Developing software in the Real World

Testing Slim Framework actions

To test a Slim Framework action, you need a request and a response object and mock whatever is in the action. This is one way to do this.

Consider this simple echo action that returns the query parameters to you as a JSON encoded string:

This is one of those useful API endpoints that your users can use to check that everything is working as expected.

The action under test

The code for this endpoint is a class called EchoAction which looks like this:

and it is registered with the Slim App like so:

Testing

Testing it isn't too complex as there are no dependencies on the EchoAction class itself, so we just have instantiate the class, invoke it and write an test.

For a URL of the form /echo?foo=bar, the core test code is:

Creating the request and response

Creating the $response is easy as the constructor parameters all have defaults:

The $request is a little more complex as it's constructor signature looks like this:

However, Slim actually creates a Slim\Http\Request using the static createFromEnvironment() factory method, which takes a Slim\Http\Environment instance. Roughly, it does this:

Setting up a $_SERVER array with the relevant elements can be a little tiresome in testing though. Fortunately, Josh needed to test Slim itself, so the Environment object has a handy static method called mock() that does this for us.

We use it like this:

As you can see, mock() takes an array which contains $_SERVER keys that we wish to set up for our particular test. Usually we set the REQUEST_METHOD, REQUEST_URI and, if we need it, QUERY_STRING. We need QUERY_STRING as this is the key in $_SERVER that Request uses to determine the query parameters for the request.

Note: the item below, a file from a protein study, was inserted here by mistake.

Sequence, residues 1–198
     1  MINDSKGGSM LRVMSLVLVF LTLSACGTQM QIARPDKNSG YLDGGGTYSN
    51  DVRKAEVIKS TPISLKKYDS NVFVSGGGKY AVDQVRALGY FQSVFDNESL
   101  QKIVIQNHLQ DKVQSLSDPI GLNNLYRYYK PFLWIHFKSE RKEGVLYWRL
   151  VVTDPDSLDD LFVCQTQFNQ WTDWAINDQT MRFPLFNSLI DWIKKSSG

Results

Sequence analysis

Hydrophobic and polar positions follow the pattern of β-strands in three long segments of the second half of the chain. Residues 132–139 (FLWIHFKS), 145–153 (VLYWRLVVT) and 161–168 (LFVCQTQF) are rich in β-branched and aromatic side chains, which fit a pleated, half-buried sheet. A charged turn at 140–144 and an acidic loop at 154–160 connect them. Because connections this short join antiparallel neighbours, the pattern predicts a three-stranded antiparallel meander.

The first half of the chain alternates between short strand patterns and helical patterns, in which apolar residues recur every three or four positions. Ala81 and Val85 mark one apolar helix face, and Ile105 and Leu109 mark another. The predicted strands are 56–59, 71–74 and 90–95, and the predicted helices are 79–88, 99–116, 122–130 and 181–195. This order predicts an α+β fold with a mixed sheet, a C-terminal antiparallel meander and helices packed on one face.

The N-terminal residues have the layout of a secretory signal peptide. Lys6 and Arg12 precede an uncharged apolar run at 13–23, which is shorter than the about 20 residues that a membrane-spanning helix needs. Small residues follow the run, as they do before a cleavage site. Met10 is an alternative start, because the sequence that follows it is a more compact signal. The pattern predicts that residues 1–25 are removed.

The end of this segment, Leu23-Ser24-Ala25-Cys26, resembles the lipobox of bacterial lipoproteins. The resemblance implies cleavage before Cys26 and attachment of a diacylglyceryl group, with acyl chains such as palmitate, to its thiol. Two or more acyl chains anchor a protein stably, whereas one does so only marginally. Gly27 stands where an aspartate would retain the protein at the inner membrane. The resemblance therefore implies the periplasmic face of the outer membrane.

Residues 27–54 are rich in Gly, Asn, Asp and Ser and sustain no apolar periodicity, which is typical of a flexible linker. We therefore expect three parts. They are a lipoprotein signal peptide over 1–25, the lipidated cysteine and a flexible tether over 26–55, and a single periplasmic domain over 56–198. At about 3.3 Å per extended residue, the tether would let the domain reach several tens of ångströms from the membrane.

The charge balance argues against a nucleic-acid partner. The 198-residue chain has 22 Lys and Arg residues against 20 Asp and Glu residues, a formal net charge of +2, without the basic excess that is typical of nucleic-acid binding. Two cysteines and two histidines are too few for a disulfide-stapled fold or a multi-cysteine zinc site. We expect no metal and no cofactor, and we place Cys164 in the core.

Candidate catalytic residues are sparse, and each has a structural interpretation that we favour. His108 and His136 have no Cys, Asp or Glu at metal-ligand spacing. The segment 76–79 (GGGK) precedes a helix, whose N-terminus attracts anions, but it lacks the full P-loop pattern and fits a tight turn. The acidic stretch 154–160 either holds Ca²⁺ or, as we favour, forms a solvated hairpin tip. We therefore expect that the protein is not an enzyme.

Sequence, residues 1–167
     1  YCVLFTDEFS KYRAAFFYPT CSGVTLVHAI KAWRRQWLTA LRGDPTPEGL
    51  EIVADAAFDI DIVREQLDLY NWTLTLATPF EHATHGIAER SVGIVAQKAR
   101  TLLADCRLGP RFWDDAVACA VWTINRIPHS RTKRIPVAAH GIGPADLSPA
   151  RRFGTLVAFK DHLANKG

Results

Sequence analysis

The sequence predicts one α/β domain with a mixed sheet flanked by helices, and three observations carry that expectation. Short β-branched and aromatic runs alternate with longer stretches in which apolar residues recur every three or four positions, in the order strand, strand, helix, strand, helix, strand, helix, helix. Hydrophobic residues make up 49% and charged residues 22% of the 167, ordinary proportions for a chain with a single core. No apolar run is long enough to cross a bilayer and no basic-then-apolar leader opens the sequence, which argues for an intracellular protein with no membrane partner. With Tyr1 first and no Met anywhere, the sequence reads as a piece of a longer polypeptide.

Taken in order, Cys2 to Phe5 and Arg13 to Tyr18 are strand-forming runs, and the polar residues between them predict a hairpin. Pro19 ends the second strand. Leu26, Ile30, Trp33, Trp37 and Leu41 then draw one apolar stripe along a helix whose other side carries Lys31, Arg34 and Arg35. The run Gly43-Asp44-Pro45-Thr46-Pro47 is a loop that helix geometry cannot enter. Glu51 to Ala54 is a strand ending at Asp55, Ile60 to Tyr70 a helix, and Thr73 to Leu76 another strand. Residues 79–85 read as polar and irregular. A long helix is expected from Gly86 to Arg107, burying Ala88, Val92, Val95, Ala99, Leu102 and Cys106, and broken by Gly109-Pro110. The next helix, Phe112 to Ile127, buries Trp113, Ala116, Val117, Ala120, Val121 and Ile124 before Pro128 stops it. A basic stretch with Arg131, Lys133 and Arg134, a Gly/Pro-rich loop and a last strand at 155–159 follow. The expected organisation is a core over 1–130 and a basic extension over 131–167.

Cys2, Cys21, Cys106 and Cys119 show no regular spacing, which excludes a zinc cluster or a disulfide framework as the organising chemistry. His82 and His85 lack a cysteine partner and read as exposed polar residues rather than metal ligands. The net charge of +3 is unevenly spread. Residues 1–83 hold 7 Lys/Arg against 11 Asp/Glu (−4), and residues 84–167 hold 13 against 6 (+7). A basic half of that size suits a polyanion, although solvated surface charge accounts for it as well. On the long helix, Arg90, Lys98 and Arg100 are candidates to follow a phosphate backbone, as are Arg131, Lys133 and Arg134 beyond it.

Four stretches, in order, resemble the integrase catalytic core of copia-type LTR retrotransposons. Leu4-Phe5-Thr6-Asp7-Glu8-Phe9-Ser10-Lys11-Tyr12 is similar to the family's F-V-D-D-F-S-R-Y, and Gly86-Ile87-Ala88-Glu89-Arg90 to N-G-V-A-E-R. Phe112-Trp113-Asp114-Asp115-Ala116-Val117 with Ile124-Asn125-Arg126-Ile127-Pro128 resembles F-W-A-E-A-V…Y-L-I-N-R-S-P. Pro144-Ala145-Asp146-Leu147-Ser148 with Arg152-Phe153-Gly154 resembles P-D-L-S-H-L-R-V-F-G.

Putting it all together

Hence, our completed test looks like this:

All in all, it's not too complicated to test a Slim action and Environment::mock() makes it easy to set up particular test cases.

4 thoughts on “Testing Slim Framework actions

  1. Hi Rob, thank you for taking the time and writing about this subject. Nevertheless, I have a small doubt. What if my middleware, or my action class has a dependency? Since the application singleton has gone, how can I access the DI container in the test to inject the dependency, or dependencies?

    You instantiate EchoAction without problems in this case, but only because there are no dependencies. I suppose I could instantiate my dependency, and pass it to EchoAction, but what if my dependency has a dependency?

    I have registered everything in the container, now I need a way to access it in the test! Again, thanks for the hard work and dedication.

  2. Hi again Rob, I have another doubt. How about testing just one Middleware? I have 4 very simple middlewares, one of them being CorsMiddleware, and another one CsrfMiddleware.

    The signature is the common one: public function __invoke(Request $request, Response $response, $next). I have registered it in the DI container, and also added it to the stack with $app->add(\app\middleware\CorsMiddleware::class);

    The question is: if I don't wanna test the other two, and this is the first one being executed, how can I stop the $response = $next($request, $response) from being called? I mean, can I mock the next callable (CsrfMiddleware in this case) and set expectations about __invoke?

    BTW, thanks for the super quick response, I think you were bored or something.

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